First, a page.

Up until Pedro's debut, there were question marks surrounding the stuttering start Chelsea had made in the defence of their Premier League crown. A draw at home to Swansea and a defeat to Manchester City had spelt danger for Jose Mourinho's men, but after Pedro's impressive start in England, everything seemed to be looking up.
Except, as we know, it hasn't quite worked out that way.
Mourinho struggling to fit Pedro in the team
Chelsea had Oscar, Willian and Eden Hazard - all fantastic attacking players - but all unwilling to make that run in behind the defence. That's what Pedro was bought for. His intelligent running and pace seemed to be the missing piece of the puzzle for Chelsea; on paper he would appear like a guaranteed starter.
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For that reason, it's surprising that a) Pedro hasn't been in the starting XI as much as he'd have liked and b) when he does start, he rarely impacts the game. His performances haven't been helped by Chelsea's disastrous form; since Pedro's debut away at West Brom, Chelsea have played 11 league games and won just three of them. It's a far cry from the dominance Pedro is missing at Barcelona.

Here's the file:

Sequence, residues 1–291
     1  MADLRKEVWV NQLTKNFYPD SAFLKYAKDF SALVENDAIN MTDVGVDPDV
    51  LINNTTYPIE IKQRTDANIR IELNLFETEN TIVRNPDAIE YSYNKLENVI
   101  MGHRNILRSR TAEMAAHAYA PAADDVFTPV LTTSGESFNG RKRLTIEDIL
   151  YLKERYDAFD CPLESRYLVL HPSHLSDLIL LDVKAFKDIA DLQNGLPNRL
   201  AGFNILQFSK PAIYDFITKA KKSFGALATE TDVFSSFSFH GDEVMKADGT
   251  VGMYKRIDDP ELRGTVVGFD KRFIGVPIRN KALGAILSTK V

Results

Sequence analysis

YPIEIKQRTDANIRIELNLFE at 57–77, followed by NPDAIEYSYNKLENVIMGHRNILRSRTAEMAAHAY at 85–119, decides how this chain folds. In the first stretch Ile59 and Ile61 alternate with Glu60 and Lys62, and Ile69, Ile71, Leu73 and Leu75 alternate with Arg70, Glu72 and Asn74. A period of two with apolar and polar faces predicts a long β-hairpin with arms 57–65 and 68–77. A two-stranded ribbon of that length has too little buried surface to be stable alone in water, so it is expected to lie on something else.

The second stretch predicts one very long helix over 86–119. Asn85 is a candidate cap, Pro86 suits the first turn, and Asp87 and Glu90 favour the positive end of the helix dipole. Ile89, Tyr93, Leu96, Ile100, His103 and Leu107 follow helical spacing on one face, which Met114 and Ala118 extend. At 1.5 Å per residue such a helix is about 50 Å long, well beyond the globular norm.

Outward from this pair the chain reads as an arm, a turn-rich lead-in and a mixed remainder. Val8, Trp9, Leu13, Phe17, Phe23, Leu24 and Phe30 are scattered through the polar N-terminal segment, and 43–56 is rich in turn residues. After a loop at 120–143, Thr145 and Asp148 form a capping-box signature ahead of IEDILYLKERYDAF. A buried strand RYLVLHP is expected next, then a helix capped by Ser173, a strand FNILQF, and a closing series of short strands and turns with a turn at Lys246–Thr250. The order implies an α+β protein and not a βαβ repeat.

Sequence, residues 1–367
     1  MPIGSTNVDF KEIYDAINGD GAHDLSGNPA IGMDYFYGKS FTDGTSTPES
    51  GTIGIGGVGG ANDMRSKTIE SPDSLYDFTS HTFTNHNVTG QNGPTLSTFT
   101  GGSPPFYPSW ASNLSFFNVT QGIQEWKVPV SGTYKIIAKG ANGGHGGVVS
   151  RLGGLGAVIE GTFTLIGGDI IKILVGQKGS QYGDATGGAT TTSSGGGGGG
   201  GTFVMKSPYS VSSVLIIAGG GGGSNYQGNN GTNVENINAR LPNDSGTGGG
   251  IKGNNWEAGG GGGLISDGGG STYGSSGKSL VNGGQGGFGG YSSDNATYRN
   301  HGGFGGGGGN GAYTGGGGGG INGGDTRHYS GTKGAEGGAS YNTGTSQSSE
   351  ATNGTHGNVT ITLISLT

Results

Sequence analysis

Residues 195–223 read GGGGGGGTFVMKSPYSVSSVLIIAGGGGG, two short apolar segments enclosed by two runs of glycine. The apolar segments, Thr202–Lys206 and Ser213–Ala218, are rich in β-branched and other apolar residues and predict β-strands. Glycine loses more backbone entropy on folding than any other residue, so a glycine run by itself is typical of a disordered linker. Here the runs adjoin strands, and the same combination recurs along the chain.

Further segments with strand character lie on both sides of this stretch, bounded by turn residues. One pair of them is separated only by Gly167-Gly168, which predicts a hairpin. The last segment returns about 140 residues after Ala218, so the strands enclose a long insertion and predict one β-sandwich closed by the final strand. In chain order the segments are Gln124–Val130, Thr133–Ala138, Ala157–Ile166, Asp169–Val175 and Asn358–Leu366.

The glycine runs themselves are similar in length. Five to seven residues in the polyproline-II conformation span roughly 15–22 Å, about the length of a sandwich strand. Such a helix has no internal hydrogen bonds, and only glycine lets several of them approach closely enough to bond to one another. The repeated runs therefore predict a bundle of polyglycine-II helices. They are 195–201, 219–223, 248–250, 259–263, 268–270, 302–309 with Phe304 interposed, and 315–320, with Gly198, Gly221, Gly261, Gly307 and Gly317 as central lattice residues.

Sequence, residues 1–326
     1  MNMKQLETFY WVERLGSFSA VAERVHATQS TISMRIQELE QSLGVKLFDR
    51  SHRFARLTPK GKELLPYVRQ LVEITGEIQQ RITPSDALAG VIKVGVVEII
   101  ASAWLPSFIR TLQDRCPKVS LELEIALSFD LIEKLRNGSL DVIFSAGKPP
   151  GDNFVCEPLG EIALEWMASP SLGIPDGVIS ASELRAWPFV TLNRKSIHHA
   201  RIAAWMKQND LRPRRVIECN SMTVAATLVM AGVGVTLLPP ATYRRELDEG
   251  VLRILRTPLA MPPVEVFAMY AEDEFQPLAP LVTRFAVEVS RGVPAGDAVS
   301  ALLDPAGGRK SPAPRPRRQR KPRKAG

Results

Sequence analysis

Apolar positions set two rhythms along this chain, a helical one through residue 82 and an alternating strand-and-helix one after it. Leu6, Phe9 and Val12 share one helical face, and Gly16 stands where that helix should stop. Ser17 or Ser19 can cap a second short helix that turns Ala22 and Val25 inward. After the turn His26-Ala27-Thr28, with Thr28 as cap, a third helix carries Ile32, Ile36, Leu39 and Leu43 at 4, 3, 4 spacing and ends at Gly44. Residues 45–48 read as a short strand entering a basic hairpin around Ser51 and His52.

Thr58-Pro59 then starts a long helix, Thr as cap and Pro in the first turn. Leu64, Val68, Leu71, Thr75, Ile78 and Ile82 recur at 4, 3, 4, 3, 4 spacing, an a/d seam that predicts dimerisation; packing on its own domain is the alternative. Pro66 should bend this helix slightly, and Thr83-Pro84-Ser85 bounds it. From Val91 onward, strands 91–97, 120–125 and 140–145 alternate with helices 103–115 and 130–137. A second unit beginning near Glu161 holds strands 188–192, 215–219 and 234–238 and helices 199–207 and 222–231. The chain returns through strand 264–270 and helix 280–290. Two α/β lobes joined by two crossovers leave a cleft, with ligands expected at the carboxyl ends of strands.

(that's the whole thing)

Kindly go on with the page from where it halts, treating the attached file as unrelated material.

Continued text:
Struggling with the Premier League's physicality
Much like many foreign players who are new to the Premier League, Pedro has found the physicality of some teams somewhat of an eye-opener. Instead of playing one-twos with Lionel Messi at home to Celta Vigo, Pedro is finding out the hard way, why Stoke at the Brittania Stadium is such an ominous prospect.
The surprising thing is the way Pedro adapted to Barcelona's style after his move from Tenerife - this would have suggested that he'd embrace the change. He moved to Catalonia when he was just 17, waiting five years for his chance in the first team. At the age of 28, Chelsea would have been hoping that Pedro would have adapted a bit quicker to his new surroundings.
Patience with Pedro
What Pedro's relatively late arrival at Barcelona will tell Chelsea, is that they should have patience with him. Obviously, patience isn't a commodity generally associated with modern day football, but it's rare for a foreign player to arrive to England and hit the ground running.
Some will point to Fernando Torres or Alexis Sanchez and say that top players should be able to perform immediately. But there is a balance to these things; for every Torres there is a Thierry Henry - after all he turned out to be a decent player. It's unlikely that Pedro will be as successful as Henry, but he should at least be given the chance.
Do you think Pedro was a panic-buy for Chelsea? Would he have been better off going elsewhere? Give YOUR opinion in the comment box below!